More than one in 12 adult survivors of childhood cancers may have undiagnosed high blood pressure, a US study suggests.
High blood pressure, or hypertension, can be a particular problem for childhood cancer survivors because many of them have heart damage as a result of chemotherapy and radiation treatments.
Even when they do get diagnosed with high blood pressure, more than one in five of these patients don’t take medication or make lifestyle changes necessary to treat it, the study also found, Reuters reported.
“It is notable that survivors in our study had a higher-than-expected prevalence of hypertension regardless of their specific childhood cancer diagnosis or treatment,” said lead study author Todd Gibson of St. Jude Children’s Research Hospital in Memphis, Tennessee.
“The good news is that, unlike prior cancer therapy, high blood pressure is a modifiable risk factor,” Gibson said by email.
Previous research has linked cancer drugs known as anthracyclines to weakening of the heart muscle. Research has also tied some radiation therapy to cardiac rhythm disorders and structural damage in arteries and valves.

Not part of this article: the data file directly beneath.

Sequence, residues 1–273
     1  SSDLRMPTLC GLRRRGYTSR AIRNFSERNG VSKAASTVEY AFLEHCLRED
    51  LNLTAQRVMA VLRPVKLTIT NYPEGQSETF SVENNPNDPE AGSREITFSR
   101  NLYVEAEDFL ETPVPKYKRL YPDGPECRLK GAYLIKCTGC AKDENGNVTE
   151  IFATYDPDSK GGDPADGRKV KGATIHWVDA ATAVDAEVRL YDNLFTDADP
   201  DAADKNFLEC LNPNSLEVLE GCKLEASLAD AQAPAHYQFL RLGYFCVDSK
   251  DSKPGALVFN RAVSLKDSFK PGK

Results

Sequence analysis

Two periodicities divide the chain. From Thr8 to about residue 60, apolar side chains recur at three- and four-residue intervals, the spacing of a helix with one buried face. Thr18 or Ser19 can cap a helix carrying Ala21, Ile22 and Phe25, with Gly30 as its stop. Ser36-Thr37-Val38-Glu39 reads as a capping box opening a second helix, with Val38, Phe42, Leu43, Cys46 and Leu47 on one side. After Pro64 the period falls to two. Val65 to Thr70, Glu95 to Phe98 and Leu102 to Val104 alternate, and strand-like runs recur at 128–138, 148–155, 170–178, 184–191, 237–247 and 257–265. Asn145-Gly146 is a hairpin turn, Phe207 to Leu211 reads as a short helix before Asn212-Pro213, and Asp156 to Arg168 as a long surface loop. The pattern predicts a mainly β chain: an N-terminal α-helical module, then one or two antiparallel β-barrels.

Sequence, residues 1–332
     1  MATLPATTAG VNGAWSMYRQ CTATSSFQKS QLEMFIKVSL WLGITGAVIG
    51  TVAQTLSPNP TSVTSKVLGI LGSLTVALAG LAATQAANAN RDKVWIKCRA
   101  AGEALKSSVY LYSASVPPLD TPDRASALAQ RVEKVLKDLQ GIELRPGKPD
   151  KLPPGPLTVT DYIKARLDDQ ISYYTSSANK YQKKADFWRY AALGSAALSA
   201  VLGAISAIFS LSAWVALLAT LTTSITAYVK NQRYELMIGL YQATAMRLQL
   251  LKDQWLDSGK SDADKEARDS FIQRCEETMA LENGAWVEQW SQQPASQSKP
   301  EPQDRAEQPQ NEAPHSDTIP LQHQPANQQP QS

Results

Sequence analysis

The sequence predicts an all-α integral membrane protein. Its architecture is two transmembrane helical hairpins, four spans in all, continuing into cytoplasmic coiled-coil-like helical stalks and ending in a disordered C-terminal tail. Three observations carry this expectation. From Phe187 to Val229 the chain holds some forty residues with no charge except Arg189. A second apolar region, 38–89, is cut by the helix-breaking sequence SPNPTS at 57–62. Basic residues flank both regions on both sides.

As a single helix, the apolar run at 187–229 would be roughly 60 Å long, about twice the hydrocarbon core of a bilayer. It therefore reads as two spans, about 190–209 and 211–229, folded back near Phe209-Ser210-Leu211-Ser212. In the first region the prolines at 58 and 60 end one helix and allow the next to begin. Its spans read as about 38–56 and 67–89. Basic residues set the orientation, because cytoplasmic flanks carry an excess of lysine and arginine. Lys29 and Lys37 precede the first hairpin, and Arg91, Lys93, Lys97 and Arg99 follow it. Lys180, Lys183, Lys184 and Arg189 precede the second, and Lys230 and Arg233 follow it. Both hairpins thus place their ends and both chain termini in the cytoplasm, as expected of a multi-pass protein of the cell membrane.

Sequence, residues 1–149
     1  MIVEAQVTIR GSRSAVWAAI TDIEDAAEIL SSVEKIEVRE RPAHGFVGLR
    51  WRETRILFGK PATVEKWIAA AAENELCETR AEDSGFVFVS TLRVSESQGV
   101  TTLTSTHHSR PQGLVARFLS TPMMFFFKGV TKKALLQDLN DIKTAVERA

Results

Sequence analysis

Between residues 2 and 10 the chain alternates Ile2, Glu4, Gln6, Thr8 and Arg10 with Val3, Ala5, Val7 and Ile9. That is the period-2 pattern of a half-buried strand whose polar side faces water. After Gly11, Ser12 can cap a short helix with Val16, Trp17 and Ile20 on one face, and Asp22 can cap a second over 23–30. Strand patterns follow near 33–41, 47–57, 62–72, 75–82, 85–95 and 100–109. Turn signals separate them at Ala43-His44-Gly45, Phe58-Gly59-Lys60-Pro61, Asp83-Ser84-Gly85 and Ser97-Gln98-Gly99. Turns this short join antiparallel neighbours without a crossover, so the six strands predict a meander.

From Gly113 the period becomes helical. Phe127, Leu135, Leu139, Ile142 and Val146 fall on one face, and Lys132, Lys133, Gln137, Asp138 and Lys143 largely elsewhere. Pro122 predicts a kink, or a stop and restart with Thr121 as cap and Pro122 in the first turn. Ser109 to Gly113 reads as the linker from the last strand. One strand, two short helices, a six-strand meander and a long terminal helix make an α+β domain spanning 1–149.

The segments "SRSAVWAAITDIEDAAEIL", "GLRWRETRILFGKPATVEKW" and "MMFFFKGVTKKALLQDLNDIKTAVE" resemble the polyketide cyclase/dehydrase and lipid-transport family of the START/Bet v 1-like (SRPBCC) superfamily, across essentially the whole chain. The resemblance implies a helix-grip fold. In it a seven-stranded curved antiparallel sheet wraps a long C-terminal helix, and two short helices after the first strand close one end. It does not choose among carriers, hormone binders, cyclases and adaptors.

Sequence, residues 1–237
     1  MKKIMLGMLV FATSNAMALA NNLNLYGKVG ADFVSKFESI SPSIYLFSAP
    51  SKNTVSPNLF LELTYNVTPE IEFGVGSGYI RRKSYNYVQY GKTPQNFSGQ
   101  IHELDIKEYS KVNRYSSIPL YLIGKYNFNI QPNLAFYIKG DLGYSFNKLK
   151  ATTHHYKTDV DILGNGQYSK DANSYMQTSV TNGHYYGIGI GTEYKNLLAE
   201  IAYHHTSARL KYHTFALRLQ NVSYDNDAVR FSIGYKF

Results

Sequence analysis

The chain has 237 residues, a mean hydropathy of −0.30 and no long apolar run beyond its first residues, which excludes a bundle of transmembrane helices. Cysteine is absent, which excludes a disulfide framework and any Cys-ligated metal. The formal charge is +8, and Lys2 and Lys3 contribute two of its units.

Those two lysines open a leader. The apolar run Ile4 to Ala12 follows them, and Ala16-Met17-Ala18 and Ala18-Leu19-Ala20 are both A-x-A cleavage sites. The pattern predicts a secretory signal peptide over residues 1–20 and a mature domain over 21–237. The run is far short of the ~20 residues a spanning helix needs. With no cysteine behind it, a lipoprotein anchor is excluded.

Deaths from cardiovascular disease are eight times more likely in childhood cancer survivors than in people without a history of tumors early in life.
The current analysis involved 3,016 adults who were part of the St. Jude Lifetime Cohort Study. All had been treated for cancer as kids and survived at least 10 years.
By age 30, 13 percent of them had high blood pressure, the study found. By comparison, the general prevalence of hypertension among 18-to-39-year-olds in the U.S. is about 7 percent, according to the Centers for Disease Control and Prevention (CDC).
The proportion of childhood cancer survivors with hypertension climbed to 37 percent by age 40 and exceeded 70 percent by age 50. In the general U.S. population, according to the CDC, only about 30 percent of people ages 40 to 60 have hypertension.
Exposure to chemotherapy or radiation didn’t appear to influence whether cancer survivors developed high blood pressure, according to Reuters.
One limitation of the study is that researchers only had blood pressure measurements from a single visit at each point in time, making it possible that some patients may have been misclassified. Some patients get anxious and develop temporary high blood pressure during checkups.